Lewis, May 23, 1805

Thursday May 23rd 1805.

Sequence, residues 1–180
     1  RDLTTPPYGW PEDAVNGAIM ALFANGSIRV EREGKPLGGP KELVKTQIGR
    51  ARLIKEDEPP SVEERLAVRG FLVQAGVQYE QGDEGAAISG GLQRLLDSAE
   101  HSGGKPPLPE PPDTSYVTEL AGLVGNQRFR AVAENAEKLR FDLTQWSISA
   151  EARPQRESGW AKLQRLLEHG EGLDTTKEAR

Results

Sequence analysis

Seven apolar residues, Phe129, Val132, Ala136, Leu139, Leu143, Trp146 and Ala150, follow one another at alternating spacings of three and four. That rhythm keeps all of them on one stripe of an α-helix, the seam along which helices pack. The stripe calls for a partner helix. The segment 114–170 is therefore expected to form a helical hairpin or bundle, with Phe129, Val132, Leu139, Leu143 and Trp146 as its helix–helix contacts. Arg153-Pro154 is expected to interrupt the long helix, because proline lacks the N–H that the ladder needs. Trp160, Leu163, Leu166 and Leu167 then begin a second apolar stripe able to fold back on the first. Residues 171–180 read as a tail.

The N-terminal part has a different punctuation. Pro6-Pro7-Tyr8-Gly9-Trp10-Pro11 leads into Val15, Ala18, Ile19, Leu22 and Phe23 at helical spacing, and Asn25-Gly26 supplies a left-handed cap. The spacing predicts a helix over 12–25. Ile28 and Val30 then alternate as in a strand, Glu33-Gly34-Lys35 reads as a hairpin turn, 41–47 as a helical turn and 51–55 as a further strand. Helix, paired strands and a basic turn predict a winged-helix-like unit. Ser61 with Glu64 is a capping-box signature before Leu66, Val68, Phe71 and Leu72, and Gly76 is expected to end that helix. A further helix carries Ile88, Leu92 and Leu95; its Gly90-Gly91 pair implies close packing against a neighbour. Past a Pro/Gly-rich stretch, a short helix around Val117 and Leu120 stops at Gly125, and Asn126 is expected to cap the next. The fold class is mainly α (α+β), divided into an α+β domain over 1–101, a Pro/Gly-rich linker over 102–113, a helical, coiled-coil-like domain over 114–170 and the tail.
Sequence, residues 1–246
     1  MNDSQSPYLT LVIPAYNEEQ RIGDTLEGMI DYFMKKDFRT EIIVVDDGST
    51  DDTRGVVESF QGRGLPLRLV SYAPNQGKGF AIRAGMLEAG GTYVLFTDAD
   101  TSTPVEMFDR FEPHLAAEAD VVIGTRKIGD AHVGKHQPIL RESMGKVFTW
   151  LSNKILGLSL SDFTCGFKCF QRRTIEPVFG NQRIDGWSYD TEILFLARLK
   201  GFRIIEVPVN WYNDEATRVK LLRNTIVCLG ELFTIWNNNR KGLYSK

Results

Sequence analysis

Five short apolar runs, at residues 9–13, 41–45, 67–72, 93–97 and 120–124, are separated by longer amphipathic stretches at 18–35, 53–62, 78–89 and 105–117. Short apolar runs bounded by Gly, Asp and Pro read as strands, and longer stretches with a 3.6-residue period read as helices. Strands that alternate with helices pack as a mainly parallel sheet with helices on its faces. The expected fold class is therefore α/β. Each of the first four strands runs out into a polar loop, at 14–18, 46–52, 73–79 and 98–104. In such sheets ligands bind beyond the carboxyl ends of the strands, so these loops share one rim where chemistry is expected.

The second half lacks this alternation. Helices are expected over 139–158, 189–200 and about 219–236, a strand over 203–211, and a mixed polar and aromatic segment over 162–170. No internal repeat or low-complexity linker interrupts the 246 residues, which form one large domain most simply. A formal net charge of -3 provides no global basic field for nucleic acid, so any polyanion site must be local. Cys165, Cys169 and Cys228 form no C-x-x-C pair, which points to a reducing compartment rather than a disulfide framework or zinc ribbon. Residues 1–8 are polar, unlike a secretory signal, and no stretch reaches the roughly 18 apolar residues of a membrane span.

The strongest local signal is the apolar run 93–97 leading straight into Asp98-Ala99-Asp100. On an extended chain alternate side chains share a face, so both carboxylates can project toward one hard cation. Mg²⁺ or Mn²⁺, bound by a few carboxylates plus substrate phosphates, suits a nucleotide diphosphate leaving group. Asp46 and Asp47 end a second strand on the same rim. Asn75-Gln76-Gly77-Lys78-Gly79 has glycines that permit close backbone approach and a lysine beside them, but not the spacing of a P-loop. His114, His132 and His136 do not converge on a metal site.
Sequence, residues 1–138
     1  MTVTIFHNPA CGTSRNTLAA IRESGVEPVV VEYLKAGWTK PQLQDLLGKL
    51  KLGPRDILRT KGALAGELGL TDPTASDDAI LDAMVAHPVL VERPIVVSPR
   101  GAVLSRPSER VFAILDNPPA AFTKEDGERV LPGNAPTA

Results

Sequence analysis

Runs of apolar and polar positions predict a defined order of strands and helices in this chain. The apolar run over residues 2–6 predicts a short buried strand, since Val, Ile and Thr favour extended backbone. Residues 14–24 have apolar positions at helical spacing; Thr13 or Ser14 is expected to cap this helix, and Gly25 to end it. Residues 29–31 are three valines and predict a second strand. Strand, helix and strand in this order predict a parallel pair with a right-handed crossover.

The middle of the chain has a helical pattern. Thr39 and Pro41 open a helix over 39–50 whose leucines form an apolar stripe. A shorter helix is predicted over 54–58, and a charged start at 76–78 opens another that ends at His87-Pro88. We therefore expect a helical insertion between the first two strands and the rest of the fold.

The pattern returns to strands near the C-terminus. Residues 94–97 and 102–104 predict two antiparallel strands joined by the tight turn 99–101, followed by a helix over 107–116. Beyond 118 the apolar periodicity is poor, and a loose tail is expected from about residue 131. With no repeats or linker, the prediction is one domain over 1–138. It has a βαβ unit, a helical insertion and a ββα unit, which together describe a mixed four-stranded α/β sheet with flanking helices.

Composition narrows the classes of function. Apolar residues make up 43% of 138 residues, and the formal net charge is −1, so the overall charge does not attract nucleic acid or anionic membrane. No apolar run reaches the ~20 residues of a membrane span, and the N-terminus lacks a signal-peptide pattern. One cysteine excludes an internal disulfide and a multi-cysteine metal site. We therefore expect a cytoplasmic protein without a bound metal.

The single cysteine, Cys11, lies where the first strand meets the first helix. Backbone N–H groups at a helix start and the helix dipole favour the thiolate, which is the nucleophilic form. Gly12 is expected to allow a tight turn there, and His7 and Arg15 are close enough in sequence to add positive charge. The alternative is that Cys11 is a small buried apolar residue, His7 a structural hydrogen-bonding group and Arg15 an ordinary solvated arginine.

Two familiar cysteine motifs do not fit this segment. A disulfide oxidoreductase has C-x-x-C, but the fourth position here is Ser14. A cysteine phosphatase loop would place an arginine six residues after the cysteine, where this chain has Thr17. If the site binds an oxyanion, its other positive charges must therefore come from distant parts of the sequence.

Set out early this morning, the frost was severe last night, the ice appeared along the edge of the water, water also freized on the oars. at the distance of one mile passed the entrance of a creek 15 yds. wide on Stard. side, this we call Teapot Creek, it affords no water at it's mouth but has runing water at some small distance above, this I beleive to be the case with many of those creekes which we have passed since we entered this hilley country, the water is absorbed by the earth near the river and of course appear dry; they afford but little water at any rate, and that is so strongly impregnated with these salts that it is unfit for uce; all the wild anamals appear fond of this water; I have tryed it by way of experiment & find it moderately pergative, but painfull to the intestens in it's opperation. this creek runs directly towards some low mountains which lye N. W. of it and appear to be about 30 mes. distant, perhaps it heads in them. This range of mountains appear to be about 70 miles long runing from E to W. having their Eastern extremity about 30 mes. distant in a northwardly direction from pot Island.- also passed two small creeks on Lard. and two others on Stard. all inconsiderable and dry at their entrances. just above the entrance of Teapot Creek on the stard. there is a large assemblage of the burrows of the Burrowing Squirrel they generally seelect a south or a south Easterly exposure for their residence, and never visit the brooks or river for water; I am astonished how this anamal exists as it dose without water, particularly in a country like this where there is scarcely any rain during Yi of the year and more rarely any due; yet we have sometimes found their villages at the distance of five or six miles from any water, and they are never found out of the limits of the ground which their burrows occupy; in the Autumn when the hard frosts commence they close their burrows and do not venture out again untill spring, indeed some of them appear to be yet in winter quarters. passed 3 Islands the two first covered with tall cottonwood timber and the last with willows only. river more rappid, & the country much the same as yesterday. some spruce pine of small size appears among the pitch pine, and reather more rock than usual on the face of the hills. The musquetoes troublesome this evening, a circumstance I did not expect from the temperature of the morning. The Gees begin to lose the feathers of their wings and are unable to fly. Capt Clark walked on shore and killed 4 deer and an Elk. We killed a large fat brown bear which took the water after being wounded and was carried under some driftwood where he sunk and we were unable to get him. Saw but few buffaloe today, but a great number of Elk, deer, some antelopes and 5 bear. The wild rose which is now in blume are very abundant, they appear to differ but little from those common to the Atlantic States, the leaves of the bushes and the bush itself appear to be of somewhat smaller size.